Often, we cannot truly appreciate someone or what they have experienced or done until we’ve walked the proverbial mile in their shoes. In the case of people who lived long ago, however, that’s often impossible, so we have to experience vicariously what they experienced. We can only read well-written accounts of what they did, but good writing nonetheless can help us develop a deep appreciation for their experiences.
I have been gaining a similar appreciation for the “bomber boys” of the USAAF 8th Air Force following my visit to the Mighty 8th Air Force Museum in Pooler, Georgia, where I purchased Masters of the Air by Donald L. Miller. He recounts in vivid detail what those boys (they were all so young!) experienced in playing their role in defeating Hitler’s Nazi military-industrial machine.
The pilots, copilots, navigators, bombardiers, and gunners in the B-17 Flying Fortresses and B-24 Liberators of the 8th Air Force faced unimaginable conditions even on the best of days. Freezing temperatures, unpressurized fuselages, tight quarters, and poor atmospheric circumstances that led to mid-air collisions of bomb-laden aircraft flying in extremely tight formations were part of every flight.
Then added to those conditions, when their fighter escorts had to turn back, were the vicious air attacks by the Messerschmitt Bf 109s and Focke-Wulfe 190s and the flak from below. Flak was an especially feared enemy during the bomb runs, when evasive action was impossible while the bombardier kept the plane on a straight and steady course to the target. Then there were the renewed fighter attacks during the bombers’ attempt to return to their bases in England.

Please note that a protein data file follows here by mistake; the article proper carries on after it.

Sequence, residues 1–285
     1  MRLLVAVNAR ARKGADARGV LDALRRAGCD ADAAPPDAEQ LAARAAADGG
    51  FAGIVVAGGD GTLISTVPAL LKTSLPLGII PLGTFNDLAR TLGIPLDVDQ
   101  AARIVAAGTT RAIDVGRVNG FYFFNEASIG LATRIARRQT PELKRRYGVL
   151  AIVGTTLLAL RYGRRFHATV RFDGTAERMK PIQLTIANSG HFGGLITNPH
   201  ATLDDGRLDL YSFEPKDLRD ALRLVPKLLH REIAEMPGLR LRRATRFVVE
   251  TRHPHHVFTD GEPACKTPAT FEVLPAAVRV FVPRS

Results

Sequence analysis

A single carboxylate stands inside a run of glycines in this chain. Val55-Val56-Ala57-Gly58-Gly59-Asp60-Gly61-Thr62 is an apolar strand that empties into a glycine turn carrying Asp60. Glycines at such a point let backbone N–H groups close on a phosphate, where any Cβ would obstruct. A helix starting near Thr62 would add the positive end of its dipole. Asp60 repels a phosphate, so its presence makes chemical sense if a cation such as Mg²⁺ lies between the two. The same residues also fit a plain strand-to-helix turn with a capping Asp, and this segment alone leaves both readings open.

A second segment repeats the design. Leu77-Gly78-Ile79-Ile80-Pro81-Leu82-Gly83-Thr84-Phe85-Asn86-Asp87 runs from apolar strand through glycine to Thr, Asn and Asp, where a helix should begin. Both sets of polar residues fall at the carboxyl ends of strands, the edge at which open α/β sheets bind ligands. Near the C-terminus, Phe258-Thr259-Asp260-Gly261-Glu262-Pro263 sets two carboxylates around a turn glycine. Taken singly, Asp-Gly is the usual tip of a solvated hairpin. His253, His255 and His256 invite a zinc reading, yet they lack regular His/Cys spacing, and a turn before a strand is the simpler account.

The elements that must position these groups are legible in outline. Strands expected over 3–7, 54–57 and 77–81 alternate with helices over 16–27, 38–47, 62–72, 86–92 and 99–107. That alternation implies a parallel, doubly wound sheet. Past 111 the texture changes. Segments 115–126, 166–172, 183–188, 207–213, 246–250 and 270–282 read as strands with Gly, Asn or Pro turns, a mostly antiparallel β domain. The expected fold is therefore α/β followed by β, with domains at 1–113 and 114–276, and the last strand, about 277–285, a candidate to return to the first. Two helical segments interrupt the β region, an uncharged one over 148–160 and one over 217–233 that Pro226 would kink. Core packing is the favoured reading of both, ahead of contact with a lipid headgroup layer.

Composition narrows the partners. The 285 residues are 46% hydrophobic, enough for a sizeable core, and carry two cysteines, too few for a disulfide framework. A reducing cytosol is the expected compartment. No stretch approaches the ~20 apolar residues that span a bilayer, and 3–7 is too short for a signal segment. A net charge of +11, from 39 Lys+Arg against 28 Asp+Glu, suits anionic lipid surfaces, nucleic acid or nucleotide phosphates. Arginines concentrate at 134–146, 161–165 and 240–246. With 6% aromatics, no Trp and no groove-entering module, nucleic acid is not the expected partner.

Finally, if they made it that far, were the harrowing landings in often badly damaged and barely airworthy wrecks. Many of them made it that far only to crash short of their base, in the English Channel or in the English countryside or on the runways. But it was not over even then because if they survived to return safely, they lived and relived, over and over again, the scenes they had witnessed over the enemy’s airspace. Seeing their comrades’ planes plummeting to earth in flames, seeing men bail out of planes without parachutes, seeing their own fellow crewmen dismembered by enemy machine gun or cannon fire or flak and bleeding to death, unable to help them.
“Just before landing, the Fortress’s hydraulic system, which was riddled with shell holes, malfunctioned, making it impossible for the pilot to put down the wheels. . . . The pilot would have to make a belly landing. ‘There were eight minutes of gut-wrenching talk among the tower, the pilot, and the man trapped in the ball turret. He knew what comes down first when there are no wheels. We all watched in horror as it happened. We watched as this man’s life ended, mashed between the concrete pavement of the runway and the belly of the bomber.'”
Such brave, young men having to make such life-altering decisions!
As writers, we must hone our skills so that we can help readers experience, even if it is vicariously, what our characters, whether real or fictional, are experiencing. Cooper, Makos, and Miller (with help from Andy Rooney) certainly did that for me. Having a personal connection to the things of which we write helps, but we must nonetheless work to pass that connection along to our readers, helping them see what we see, feel what we feel, and make that connection their own. Our work is certainly cut out for us!
What things, people, or events have made that connection for you? How has it affected your writing?